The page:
Racquet sports

Great review of a study about all-cause mortality by Mick Hughes! 🙂
Racquet sports significantly reduce the risk of all-cause mortality.

Mick Hughes is the head Physiotherapist of the Collingwood Magpies Netball team and shares his time between Collingwood and The Melbourne Sports Medicine Centre.

He is a keen blogger and posts regularly on sports physio and strength and conditioning topics. He has a website, which you can find some of his previous blogs: www.mickhughes.physio
And he is very active on social media and can be found at Facebook (@mickhughesphysio), twitter (@mickwhughes) and Instagram (@mickhughesphysio).

 

racket sport

Anyone for Tennis? ….Or swimming? Or Aerobics?

We know that, just like taxes, death is inevitable, but wouldn’t it be nice to extend your years out a little bit longer? Well, a recent study has shed some light on what types of physical activity can help you extend your years.

In a study of 80 306 English and Scottish residents (F 43 705, M 36 601; mean age 52yrs) it was found that those that participated in regular games of racquet sports (tennis, badminton, squash) had a significantly reduced risk of all-cause mortality of 47%. This was followed by swimming (28%), aerobics (27%) and cycling (15%). Furthermore, looking at reduced risk of dying from cardiovascular disease, once again racquet sports showed its superiority by significantly reducing the risk by 56%. This once again was followed closely by swimming (41%) and aerobics (36%). (1)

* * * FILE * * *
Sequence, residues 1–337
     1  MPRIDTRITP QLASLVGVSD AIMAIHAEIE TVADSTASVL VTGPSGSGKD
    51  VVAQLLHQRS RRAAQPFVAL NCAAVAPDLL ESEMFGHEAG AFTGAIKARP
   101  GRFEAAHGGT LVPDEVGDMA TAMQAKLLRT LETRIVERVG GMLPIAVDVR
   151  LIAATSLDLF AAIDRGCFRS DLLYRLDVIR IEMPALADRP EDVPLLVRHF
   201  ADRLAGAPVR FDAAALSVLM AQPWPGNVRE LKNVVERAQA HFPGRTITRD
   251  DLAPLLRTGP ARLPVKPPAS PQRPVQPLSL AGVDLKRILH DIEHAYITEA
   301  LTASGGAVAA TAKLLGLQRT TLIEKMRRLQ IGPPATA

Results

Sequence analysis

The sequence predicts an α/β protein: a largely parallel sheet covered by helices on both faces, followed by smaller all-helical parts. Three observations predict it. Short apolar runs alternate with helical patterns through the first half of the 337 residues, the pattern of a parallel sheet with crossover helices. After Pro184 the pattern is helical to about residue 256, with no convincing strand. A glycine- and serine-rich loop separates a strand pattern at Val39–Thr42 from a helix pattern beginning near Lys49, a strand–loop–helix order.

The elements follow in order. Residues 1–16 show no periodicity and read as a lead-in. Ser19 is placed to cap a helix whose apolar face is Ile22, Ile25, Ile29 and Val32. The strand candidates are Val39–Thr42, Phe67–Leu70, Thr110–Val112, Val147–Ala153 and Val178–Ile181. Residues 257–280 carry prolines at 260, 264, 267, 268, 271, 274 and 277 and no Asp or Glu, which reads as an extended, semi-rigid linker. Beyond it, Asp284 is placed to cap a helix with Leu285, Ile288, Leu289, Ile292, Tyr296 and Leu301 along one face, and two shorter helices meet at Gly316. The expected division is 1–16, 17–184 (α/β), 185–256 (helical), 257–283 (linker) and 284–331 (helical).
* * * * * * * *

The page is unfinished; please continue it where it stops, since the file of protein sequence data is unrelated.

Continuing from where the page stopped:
So there you have it, a robust study recommending that we should all dust off our tennis racquets, or channel our inner Jane Fonda or get down to our local pool for some laps and start adding some years to our lives. Remember exercise is medicine!! Go get some!

Reference:

  1. Oja P, Kelly P, Pedisic Z, Titze S, Bauman A, Foster C, et al. Associations of specific types of sports and exercise with all-cause and cardiovascular-disease mortality: a cohort study of 80 306 British adults. British journal of sports medicine. 2016 Nov 28. PubMed PMID: 27895075. Epub 2016/11/30. eng.

 

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